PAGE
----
But a funny thing happened between a generation known for its passionate advocacy for civil rights and an end to the Vietnam War and now. Today, too many see those freedoms and speech and assembly with self-inflicted blinders, believing such rights are meant to apply only to those who agree with us.

As originally conceived, the First Amendment was written to ensure a protected place for reasoned dissent in our new nation. Today, it is used as a weapon to protect against disagreement or opposing viewpoints and silence those who may see things differently.

When, exactly, did we allow the First Amendment to be bastardized to prevent civil discourse and public debate? When, exactly, did we determine it was OK to defend free speech, but only if it was speech we agreed with?

I know it is Thanksgiving week and all, but give it a read. We should all be thankful for our rights, whether we are red, blue, or purple with sparkly pink polka dots.

“The Strength of Street Knowledge”

Yes, I was one of the those fans that lined up this past weekend to see Straight Outta Compton, the bio-pic on the rise and fall of the musical genius known as N.W.A. And yes, I was one of those kids, one of those white boys from the suburbs, who was a huge fan of the powerful lyrics Ice Cube wrote about a world I would never understand.

As a kid, I didn’t listen to heavy metal. I wasn’t into alternative music like REM or U2 or Depeche Mode. No, I was into rap. As a young kid growing up in North Jersey, Run DMC was my gateway music. I was immediately taken by the lyrics and the poetry. As I got older, my preferences got a little harder. I loved the post-License to Ill Beastie Boys. I couldn’t get enough of Public Enemy. I cherished a bootleg cassette I had of 2 Live Crew (which I just told my mother about last week). And I got amped listening to N.W.A.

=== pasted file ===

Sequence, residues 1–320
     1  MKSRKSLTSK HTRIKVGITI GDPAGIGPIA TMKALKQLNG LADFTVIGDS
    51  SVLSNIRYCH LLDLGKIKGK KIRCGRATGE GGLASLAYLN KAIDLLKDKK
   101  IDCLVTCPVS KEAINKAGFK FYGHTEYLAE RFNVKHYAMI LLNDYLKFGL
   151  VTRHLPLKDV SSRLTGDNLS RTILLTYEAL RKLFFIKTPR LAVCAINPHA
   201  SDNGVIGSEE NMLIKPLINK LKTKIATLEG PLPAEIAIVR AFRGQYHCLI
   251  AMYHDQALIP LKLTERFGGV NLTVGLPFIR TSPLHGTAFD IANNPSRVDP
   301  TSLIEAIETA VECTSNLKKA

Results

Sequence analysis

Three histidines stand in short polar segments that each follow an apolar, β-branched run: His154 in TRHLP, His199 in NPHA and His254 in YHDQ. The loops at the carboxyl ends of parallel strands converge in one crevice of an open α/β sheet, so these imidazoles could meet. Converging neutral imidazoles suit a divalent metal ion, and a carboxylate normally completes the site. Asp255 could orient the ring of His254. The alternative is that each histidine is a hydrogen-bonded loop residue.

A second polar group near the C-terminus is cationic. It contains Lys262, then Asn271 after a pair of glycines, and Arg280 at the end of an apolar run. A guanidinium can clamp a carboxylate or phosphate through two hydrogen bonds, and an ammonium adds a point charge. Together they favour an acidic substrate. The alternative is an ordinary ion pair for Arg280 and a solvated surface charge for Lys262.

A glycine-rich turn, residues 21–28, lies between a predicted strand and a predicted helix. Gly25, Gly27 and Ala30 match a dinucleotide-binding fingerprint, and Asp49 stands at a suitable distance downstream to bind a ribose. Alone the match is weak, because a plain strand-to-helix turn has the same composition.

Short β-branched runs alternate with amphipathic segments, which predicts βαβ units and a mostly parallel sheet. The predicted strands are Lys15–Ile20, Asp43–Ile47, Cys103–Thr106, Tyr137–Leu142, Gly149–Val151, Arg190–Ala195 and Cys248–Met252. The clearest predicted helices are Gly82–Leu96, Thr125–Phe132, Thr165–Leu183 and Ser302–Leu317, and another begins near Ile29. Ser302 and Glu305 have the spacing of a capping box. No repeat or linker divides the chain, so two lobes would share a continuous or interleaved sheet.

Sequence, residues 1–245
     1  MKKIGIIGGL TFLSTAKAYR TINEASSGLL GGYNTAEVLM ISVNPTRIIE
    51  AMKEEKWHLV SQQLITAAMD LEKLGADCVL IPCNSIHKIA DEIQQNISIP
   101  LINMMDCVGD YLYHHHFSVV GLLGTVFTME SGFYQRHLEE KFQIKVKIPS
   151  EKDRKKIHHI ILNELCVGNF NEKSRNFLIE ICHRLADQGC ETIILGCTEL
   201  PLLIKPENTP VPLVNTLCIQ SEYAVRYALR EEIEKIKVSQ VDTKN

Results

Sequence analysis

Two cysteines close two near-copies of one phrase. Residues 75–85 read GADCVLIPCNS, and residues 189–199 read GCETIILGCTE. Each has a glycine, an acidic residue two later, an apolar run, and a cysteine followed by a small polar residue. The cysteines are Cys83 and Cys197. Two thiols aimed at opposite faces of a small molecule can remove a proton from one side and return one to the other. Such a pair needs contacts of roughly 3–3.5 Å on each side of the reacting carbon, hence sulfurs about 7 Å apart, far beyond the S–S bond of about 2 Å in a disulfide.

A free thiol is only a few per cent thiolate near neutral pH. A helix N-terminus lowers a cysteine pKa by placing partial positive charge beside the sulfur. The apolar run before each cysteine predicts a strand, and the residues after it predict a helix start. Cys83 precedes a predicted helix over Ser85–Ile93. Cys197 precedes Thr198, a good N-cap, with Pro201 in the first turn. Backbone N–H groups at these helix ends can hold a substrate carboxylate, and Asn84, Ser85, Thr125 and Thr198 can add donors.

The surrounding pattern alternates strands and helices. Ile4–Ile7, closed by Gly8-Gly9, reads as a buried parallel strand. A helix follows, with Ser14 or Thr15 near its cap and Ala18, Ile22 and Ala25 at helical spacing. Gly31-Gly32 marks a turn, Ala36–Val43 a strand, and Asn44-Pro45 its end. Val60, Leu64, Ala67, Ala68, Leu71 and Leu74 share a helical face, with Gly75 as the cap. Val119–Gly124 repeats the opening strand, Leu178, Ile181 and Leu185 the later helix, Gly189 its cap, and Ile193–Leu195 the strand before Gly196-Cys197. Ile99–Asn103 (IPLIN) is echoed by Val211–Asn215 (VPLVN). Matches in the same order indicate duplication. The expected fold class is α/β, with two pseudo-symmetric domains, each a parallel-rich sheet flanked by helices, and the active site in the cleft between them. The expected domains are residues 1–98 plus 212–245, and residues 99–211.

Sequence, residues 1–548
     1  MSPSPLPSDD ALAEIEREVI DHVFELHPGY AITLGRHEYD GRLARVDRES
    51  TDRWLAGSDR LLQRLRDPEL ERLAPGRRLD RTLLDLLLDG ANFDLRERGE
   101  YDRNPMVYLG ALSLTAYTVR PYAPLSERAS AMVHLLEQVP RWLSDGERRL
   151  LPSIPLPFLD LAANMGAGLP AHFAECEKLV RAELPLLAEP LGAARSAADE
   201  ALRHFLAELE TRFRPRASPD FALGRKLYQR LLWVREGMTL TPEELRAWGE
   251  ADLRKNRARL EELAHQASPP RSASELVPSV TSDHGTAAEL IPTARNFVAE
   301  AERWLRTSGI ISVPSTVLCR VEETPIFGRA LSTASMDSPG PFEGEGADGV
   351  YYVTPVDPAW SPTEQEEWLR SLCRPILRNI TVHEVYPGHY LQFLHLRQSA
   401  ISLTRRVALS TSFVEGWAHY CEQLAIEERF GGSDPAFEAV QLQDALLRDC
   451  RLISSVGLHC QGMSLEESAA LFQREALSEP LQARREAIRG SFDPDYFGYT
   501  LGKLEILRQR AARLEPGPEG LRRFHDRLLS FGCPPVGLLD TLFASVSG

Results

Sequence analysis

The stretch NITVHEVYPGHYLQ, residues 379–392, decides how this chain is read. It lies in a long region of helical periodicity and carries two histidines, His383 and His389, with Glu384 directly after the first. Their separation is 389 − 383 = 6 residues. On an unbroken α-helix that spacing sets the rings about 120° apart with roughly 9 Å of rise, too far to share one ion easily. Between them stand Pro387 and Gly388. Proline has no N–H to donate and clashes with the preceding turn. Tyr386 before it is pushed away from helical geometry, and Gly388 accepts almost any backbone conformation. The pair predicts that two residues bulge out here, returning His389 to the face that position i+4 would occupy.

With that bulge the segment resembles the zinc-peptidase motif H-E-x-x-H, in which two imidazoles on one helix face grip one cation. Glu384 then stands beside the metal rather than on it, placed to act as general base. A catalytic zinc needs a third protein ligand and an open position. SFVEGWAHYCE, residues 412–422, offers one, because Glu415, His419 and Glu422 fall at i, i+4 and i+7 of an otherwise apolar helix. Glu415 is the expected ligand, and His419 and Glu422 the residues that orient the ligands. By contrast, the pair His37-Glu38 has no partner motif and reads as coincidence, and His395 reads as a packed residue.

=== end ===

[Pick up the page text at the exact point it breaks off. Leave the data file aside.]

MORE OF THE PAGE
I looked at music like Public Enemy and N.W.A as I assume my parents’ generation looked at music by folks like Bob Dylan. It was protest music. It spoke truth to power. It gave voice to many previously without words. And to kids like me, it pulled back a curtain so we could catch just a glimpse of the world, of the struggles, and of the realities that were foreign to us, but important to our development into men (and into hopefully responsible men).

As I got older, my musical tastes matured. In college, I took a real liking to 3rd Bass (it was even on my college answering machine, where they sampled JFK). Jay-Z and Eminem and Snoop remain on my regular play lists today. But N.W.A and Public Enemy are still my go-tos.

I’ve introduced my kids to a little of it, namely Public Enemy’s Fight the Power. They sadly know Snoop from his work with Katy Perry. And they love Salt n Pepa from the Geico commercials (yes, I’ll wipe a tear).

Twenty-five years ago or so, I was taken in by the movie Do The Right Thing. Originally, the draw was the music (obviously). But I still regularly watch the movie (it is one of the staples on my iPad) because of the story it tells. As an Italian-American, I feel a personal connection. I still don’t want to accept that no matter how open-minded we all can claim to be, that we all have a break point, and we all have that inner Sal (or worse, the inner Pino) with us. I don’t want to ever be so blind to the realities around me.